March 14, 2014
Dashboards are very powerful tools to implement tracking and accountability. They provide a quick and simple means to share data to assess performance objectively – identify strengths and weaknesses one of the key data points to help with accountability. Their use is easily justified in large organizations with important goals and often warrants extensive investments in time and money. With an Agile approach, time and money required can be greately reduced. And somewhat surprisingly, the faster build often yields more highly tailored solutions to meet even complex tracking and accountability rules.
We have found the following approach allows non-technical business managers to work with highly technical teams to achieve tracking and accountability in a straight-forward and cost-effective manner. These steps will work with any dashboard tool that allows changes to the layout, look and feel, data queries and data sources in a flexible environment. Our tool of choice is Pentaho CTools. Whenever possible we start with a template so that the team moves more quickly to touching and using ‘real’ data to explain their needs and confirm the desired user experience.
[callout size=’col-12′ last_column=’false’ title=’Phase I – Getting started – define the dashboard project’ description=”
- Determine the goal
- Establish a target date
- Determine the team
- Establish daily or frequent meeting times. Establish face to face or virtual meetings to enable the dashboards to be viewed and used.
- Establish possible sources of data
- Write a short summary, confirm with team and move into Dashboard Creation
Phase II – Start with a template
A working dashboard is an easy way to get user buy-in and saves time when trying to explain the options available to the users. Allowing a user to click and observe is quick and easy. Start with a template when possible. If you have a new team, get help. If you have a similar model, then use it. If do not have a base dashboard, consider the purchase a sample that is similar to what you need. Identify the changes that you need to be made and document them. Be clear – writing it down and getting confirmation saves time in the next phase.
Phase III – Get or create sample data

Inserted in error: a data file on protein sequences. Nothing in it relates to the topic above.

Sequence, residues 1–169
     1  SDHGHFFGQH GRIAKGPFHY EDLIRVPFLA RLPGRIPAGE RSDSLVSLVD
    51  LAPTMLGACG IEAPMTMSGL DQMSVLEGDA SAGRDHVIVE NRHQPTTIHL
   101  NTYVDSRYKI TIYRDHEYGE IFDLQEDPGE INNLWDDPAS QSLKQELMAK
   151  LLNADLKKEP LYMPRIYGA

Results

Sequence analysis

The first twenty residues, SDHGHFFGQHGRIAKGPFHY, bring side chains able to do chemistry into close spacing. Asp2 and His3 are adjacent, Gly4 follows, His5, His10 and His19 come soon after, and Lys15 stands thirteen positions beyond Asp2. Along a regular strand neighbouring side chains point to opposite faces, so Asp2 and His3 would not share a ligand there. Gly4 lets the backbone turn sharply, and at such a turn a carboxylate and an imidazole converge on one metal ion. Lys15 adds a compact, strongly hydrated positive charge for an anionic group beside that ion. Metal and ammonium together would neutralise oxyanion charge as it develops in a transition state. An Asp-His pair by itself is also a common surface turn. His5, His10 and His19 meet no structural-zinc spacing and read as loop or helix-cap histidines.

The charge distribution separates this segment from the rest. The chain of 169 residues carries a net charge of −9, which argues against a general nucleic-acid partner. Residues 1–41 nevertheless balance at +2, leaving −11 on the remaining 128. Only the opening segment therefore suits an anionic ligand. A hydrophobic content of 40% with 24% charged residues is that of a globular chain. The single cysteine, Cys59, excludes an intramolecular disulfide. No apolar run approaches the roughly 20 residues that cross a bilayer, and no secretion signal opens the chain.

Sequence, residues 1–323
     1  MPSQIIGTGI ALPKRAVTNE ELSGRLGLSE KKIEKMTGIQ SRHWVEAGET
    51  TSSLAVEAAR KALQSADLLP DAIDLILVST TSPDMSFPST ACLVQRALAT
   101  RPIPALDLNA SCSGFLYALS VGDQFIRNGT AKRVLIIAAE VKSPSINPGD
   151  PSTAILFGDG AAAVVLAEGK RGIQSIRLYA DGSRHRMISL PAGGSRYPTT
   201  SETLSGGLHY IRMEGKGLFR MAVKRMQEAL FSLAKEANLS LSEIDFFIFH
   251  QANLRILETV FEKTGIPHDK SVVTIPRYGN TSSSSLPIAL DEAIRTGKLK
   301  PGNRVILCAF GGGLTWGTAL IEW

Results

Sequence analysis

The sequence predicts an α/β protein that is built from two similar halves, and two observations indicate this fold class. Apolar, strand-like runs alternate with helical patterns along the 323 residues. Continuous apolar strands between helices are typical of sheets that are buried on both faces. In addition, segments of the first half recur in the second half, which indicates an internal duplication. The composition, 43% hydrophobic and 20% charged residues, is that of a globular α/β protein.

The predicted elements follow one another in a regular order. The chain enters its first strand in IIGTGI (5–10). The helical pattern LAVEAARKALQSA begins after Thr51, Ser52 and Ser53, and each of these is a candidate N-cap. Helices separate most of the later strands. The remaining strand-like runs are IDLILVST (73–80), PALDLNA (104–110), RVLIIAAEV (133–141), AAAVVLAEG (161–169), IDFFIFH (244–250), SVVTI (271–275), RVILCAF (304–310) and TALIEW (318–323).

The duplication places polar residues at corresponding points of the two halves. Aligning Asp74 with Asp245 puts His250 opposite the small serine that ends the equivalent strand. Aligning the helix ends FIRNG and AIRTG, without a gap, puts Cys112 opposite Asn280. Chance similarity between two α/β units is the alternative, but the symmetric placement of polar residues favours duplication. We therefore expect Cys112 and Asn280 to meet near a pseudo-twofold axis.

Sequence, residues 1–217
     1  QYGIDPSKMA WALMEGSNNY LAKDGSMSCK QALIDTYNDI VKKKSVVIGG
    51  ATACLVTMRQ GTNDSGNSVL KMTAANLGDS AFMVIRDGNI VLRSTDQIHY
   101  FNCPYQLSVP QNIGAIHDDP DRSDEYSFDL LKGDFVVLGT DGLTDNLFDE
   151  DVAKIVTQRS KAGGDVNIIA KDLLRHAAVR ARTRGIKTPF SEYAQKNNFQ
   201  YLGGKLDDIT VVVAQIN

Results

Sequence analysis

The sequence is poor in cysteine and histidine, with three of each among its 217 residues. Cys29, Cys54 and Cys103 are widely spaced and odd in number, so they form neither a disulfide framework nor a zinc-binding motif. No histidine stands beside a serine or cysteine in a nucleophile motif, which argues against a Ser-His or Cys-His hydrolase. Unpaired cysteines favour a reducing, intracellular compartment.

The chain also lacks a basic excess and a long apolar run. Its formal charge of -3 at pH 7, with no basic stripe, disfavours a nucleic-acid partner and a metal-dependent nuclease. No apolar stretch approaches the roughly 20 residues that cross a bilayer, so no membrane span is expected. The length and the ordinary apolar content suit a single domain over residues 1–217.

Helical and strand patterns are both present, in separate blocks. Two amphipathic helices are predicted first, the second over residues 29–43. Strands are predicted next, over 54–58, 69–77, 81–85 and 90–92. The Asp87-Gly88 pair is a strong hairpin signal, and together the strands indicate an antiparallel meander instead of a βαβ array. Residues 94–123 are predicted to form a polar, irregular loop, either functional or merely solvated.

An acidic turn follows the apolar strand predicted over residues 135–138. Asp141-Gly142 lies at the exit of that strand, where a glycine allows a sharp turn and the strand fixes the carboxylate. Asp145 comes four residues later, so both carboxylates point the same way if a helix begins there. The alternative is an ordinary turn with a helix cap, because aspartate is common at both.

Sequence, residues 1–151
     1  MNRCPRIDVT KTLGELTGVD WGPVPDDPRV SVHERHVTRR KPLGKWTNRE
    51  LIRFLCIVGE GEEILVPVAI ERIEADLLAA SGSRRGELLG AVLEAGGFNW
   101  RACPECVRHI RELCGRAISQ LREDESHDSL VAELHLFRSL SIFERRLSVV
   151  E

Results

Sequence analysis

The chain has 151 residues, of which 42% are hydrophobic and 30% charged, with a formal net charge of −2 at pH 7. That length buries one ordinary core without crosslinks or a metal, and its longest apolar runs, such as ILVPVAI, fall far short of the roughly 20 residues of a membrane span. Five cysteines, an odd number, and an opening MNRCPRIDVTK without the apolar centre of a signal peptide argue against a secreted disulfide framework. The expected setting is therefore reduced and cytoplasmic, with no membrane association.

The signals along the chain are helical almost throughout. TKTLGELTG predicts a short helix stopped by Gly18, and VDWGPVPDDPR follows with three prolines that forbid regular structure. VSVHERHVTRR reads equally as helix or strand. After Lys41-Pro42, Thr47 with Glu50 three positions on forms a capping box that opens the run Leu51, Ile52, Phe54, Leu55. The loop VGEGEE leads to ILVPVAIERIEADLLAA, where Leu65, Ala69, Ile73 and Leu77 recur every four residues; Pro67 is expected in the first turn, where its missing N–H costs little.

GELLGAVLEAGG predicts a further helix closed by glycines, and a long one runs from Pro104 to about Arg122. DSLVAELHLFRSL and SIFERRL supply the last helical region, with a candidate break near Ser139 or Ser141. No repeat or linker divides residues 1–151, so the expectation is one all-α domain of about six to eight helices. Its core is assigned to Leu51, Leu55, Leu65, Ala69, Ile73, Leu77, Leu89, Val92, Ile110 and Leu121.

Whenever possible, build a sample data set to show in your template dashboard. In this way, the users can confirm you understand the dashboard logic and summary points or clarify their needs. It may be possible to create sample data in a spreadsheet so that you can easily create any needed data to test all the filtering, drilldown and summary items. If the template can attach to a spreadsheet, it is often possible to cycle through different data options quickly to keep the user engaged. Avoiding extra meetings or long responses can keep the business users motivated.
Phase IV – Identify all the data options that you need
- Captions for the filters and columns
- Summary rules (total, average, min, max, etc.)
- If possible, get your corporate branding so the dashboard looks as professional your team deserves. With Pentaho CTools the CSS utilization makes design a snap for most web-based developers.
- Filter options – get specific with your users. Ask them to define the filter options. Here are typical approaches:
- Dynamic selection based on the data available
- Pre-determined list – just in case you want to show that some options are not present, but the user knows the data is expected.
Free-form options to a quick drill down. So many times a manager needs to get data quickly to address a problem. Make it easy when you can!
Phase V – Rules for invalid data handling
One of the important items that can easily be neglected is ‘bad data’ handling. In the rush to build the dashboard to meet requirements, make sure there is a step of validation. Users can be very helpful to define how to deal with exceptions as well as what defines the exception. An experienced data developer should also apply a process to ensure all data has been presented and fully included.
Phase VI – Iterate to final
Here lies the fun and the challenge. There is a fine balance between making it great and making it perfect. One must make sure it serves the purpose, but also not get carried away with the power of cyclical development. Review your goals and see if you have them achieved. If so, it may be wise to declare success and start a new project with a new goal. Celebrating a real victory is always helpful.
Use a template approach and start with a subset of data that is easily manipulated, is representative of the real data to be presented and has enough categorical diversity to demonstrate the desired filters and sorting. Additionally, there needs to be enough detail to enable a reasonable test bed for drill down demonstrations.
Warning: While AGILE approaches can greatly enhance both the time to solution, the innovation and the customer satisfaction, there are times when the agile approach may not best fit your needs. If developers are unfamiliar with the tools, the fast turn-around beneficial to understanding may lead to excessive stress for developers and frustration for non-technical users that must interrupt their daily schedule. New and untested staff may not respond well to the time pressure. Also, an untested development environment and/or use of production systems my lead to wasted time for the agile team or the production users.